The Baltimore Boys by Joel Dicker

Reviewed by Rod McLary

The Baltimore Boys is a novel about a tragedy. That disclosure is not a spoiler as the Prologue to the novel makes it very clear there will be a tragedy. In fact, it cannot be forgotten as some of the chapter headings – for example June 2010 Six years after the tragedy – remind the reader there is a tragedy in the pages ahead. There are further reminders in the text itself. It is unfortunate though that the continual reminders of the impending tragedy create a sense of impatience rather than of dramatic tension or foreboding.

But, there is more than one tragedy ahead as the novel slowly works its way to its conclusion.

The narrator – Marcus – is a best-selling author but he is struggling to find inspiration for his third novel. He travels to the town in Florida where many of his happiest memories were formed. By chance, he meets a young woman with whom he had a relationship eight years previously. Through this encounter, he finds the inspiration for his novel – and thus writes The Baltimore Boys. It is a novel of betrayal, hypocrisy, deceit and crime.

Three young boys on the cusp of adolescence come together as a group they call the Baltimore boys. The boys are Hillel, his cousin Marcus [the narrator] and Woodrow [Woody], a boy from the wrong side of the tracks but who is absorbed into the family named by the boys as the Baltimore Goldmans. Hillel is ‘a genius, a mixture of wild intelligence and an innate sense of provocation’. Marcus is the narrator of the novel who as an adult becomes a successful writer whose first novel is a best seller and for which the film rights are already sold; and Woody is ‘a polite likeable kid who always fought for a noble cause – an old lady who was insulted, a friend who was in trouble – along came Woody restoring justice with his fists’.

Hillel’s parents Saul and Anita are rich and urbane. Saul is a successful lawyer, Anita is a doctor ‘as lovely as a queen, radiant and elegant’ and drives ‘a black BMW worth the combined salaries of Marcus’ parents’. Marcus’ parents are less successful. His father – brother to Saul – is an engineer and his mother works in a shop. The author frequently describes – through Marcus – the financial gulf between the families and overuses superlatives to emphasise that gulf. Marcus acknowledges at one point that he would have swapped his parents for Hillel’s – his parents make him feel ashamed.

After befriending a boy with cystic fibrosis, the boys are introduced to his older sister Alexandra. Alexandra is two years older and is [of course] ‘a perfect beauty, [with] a delicate face and elegant nose’. The boys decide they will all love this girl with ‘the laughing eyes’. Thus, the seed for further betrayals and deceit is planted. This episode in itself demonstrates some of the shortcomings of the novel – the arrogance of the boys, the readiness of the adults [with one notable exception] to protect the boys from any criticism of their actions, and the failure of the boys to fully acknowledge the major harm they have done.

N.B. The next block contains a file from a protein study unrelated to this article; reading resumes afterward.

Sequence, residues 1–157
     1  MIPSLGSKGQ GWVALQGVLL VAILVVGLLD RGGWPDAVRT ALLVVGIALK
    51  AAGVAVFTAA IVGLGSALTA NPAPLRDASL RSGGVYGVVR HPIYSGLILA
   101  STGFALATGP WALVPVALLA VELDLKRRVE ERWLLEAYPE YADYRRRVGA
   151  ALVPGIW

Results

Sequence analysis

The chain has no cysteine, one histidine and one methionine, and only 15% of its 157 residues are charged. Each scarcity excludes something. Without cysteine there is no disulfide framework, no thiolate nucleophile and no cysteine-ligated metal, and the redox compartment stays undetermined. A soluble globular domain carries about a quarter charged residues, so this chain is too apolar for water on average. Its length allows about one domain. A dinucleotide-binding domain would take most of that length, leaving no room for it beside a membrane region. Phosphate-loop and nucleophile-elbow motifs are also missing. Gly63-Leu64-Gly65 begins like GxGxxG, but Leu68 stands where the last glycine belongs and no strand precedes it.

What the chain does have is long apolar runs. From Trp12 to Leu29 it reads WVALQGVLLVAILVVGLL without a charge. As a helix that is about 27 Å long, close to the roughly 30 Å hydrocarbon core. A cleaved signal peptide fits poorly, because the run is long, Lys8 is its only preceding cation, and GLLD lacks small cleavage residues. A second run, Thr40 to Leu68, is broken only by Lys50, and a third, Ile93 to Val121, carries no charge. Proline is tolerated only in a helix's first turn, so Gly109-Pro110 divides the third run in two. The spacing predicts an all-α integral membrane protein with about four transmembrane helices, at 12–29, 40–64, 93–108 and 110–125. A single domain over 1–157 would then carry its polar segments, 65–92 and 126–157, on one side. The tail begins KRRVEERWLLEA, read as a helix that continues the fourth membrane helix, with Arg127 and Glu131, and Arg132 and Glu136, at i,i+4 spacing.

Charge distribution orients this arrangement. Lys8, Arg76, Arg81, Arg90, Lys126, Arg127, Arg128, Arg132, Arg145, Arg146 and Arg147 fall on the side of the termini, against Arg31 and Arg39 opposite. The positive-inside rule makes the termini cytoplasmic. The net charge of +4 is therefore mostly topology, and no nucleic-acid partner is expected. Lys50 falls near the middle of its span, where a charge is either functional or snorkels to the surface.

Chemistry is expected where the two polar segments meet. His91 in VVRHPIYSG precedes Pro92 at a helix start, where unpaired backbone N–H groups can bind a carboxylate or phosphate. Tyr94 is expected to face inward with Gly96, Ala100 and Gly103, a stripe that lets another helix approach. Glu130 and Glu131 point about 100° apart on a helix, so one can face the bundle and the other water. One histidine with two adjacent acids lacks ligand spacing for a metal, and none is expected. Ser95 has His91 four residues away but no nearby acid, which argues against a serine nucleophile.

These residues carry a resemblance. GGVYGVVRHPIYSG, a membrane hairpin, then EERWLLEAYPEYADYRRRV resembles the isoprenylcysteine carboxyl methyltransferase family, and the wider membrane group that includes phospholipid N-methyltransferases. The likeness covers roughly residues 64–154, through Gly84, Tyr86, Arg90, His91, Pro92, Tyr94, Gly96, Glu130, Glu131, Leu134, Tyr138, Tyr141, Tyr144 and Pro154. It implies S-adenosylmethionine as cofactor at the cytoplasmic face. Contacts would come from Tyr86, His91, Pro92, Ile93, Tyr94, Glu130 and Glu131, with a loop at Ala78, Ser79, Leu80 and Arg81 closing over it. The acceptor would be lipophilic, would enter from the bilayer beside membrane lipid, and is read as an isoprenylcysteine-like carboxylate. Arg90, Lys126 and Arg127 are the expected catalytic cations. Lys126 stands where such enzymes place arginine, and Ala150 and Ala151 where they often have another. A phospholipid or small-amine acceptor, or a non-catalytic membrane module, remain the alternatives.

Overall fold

The novel cannot decide what kind of story it is telling – a story of a serious crime, a story exposing the hypocrisy and deceit of the rich, a story describing the breakdown of a family who has overreached itself, or a romance. These themes are all within the novel’s pages but none is fully realised. Somewhere in these pages, there is the bones of a taut dramatic novel but it is let down by the lack of focus and poor writing. The development of any dramatic tension is undermined by the writer’s use of different timelines between the chapters. While this literary device in the right hands can create a sense of discovery as the story unfolds and the backstory is gradually revealed, in this novel it simply contributes to the author’s failure to create any sense of drama.

The boys are too arrogant and self-obsessed and the rich adults are too self-absorbed for the reader to develop any sympathy for the characters. The overblown dialogue – surely no adolescent boy uses the words put in the mouths of Marcus, Hillel and Woody – does not help and it is not until the tragedy finally occurs that there is any sense of drama. By then it is too late and the novel drifts on to its conclusion.

The Baltimore Boys could have been a much better novel and it is disappointing that, at the end, it is one the reader is glad to put down.

Joël Dicker was born in Switzerland and has studied law. His first novel – The Truth about the Harry Quebert Affair – was a huge success and won the Grand Prix du Roman de l’Academie Francais as well as selling in excess of 3 million copies around the world. The Baltimore Boys has sold 750000 copies in France. It was written originally in French and is translated into English.

The Baltimore Boys


By Joël Dicker

Hatchette Australia

ISBN 978 0 85705 687 0

460pp; $32.99

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